In the past, black people passing as white had an obvious incentive -- to escape subjugation and enjoy opportunity.
In America, the practice "traditionally involved someone who society defined as black who was 'passing' as white," says Nikki Khanna, an associate professor of sociology at the University of Vermont. "However, the reality was that these individuals often had a great of deal of white ancestry themselves (often a white parent or grandparent) and, of course, they had white physical characteristics which allowed them to 'pass' as white."
Khanna, author of "Biracial in America: Forming and Performing Racial Identity," says that in other societies, such as South Africa, there was no such thing as "passing" -- "If you looked white, you were white. But in our society, historically speaking, having any black ancestry anywhere in your family tree (even if you looked white) meant you were black. Period."
And then there's Dolezal, who apparently looked just black enough to fool people.
"From my understanding of the case of Rachel Dolezal, she has no ancestral connection to blackness, which is what makes her particular brand of 'passing' so bizarre," Khanna said.
She says the students in her race relations courses are shocked to learn that racial differences, from a biological standpoint, are insignificant.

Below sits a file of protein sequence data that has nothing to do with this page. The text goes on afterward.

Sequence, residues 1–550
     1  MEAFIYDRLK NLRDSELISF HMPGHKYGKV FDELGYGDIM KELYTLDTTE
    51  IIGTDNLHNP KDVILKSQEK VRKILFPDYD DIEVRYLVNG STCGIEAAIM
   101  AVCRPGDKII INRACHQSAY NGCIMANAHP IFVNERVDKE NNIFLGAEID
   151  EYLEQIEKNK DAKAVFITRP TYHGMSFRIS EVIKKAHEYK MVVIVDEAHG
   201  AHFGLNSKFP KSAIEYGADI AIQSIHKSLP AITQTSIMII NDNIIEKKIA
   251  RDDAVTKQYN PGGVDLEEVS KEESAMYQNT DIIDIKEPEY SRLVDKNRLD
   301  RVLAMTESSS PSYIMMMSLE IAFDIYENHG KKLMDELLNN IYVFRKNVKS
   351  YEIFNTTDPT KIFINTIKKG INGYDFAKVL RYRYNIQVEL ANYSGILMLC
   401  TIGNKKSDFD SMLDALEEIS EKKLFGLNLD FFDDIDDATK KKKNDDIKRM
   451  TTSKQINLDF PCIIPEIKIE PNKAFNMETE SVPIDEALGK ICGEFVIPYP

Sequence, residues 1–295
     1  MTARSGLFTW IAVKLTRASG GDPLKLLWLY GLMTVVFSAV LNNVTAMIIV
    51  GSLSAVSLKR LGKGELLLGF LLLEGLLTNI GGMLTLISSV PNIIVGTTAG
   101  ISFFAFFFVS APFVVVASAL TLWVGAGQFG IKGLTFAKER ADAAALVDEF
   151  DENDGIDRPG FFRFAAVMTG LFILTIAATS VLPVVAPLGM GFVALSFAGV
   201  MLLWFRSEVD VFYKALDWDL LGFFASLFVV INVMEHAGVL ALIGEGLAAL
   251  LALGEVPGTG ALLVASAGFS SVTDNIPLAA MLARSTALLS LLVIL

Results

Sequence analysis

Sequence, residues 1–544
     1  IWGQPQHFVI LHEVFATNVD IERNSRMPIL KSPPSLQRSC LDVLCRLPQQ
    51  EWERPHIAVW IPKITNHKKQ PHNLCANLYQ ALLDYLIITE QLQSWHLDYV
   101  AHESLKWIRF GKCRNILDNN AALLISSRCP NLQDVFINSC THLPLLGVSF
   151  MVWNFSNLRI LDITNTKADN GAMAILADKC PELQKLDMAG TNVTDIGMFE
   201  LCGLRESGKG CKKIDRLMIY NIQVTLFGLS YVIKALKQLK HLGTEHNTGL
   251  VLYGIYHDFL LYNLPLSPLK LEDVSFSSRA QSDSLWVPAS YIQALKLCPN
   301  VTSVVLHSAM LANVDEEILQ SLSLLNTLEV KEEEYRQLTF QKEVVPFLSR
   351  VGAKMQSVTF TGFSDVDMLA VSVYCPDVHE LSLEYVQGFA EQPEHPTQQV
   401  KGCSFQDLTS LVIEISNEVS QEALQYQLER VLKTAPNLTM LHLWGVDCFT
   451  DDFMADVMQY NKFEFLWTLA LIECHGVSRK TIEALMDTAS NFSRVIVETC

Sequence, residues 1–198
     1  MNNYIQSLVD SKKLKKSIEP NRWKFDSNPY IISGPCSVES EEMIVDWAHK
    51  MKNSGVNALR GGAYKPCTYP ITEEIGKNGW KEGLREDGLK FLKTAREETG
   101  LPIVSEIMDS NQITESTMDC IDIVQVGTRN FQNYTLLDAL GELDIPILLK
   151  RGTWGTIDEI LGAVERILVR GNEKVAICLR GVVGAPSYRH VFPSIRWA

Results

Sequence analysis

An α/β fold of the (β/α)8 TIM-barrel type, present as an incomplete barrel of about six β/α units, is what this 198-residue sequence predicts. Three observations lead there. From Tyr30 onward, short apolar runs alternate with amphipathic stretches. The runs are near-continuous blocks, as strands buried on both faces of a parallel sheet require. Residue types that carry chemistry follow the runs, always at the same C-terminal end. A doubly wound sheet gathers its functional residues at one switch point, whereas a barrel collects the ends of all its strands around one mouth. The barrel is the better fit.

"Genetically speaking, we are 99.9 percent similar to each other regardless of 'race,'" she said. "In fact, I may have more genetically in common with someone of another race than my own and I think most people will be surprised to know that. This is not to say that there aren’t genetic differences between different populations or groups of people around the world, because there are -- but those differences don’t map along what we think of as traditional racial lines."
But just because race is genetically meaningless doesn't mean it doesn't have a real impact on our lives, every day.
"We make race real when we discriminate against each other or privilege one race over another," Khanna said. "Certainly, our 'race' affects our life chances, employment opportunities, interactions with police, and so on. Race may not be biological, but it is social."
For all the harm Dolezal's fraudulence has caused, it has value if we learn from it.
"To most Americans, race is something rooted in physical appearance and ancestry," Khanna said. "For her to be born to two white parents and claim to be African American flies in the face of most Americans’ understanding of what race means. Whether she intended to or not, she has started an interesting dialogue about what race means in America and how we, as a society, determine who can and cannot racially identify as black, white, Asian, Native American, and so on."
Something that means so little should not mean so much. Now that Dolezal's deception has been exposed, it's time America stopped fooling itself about the meaning of race, and stripped this social construct of its power to determine lives.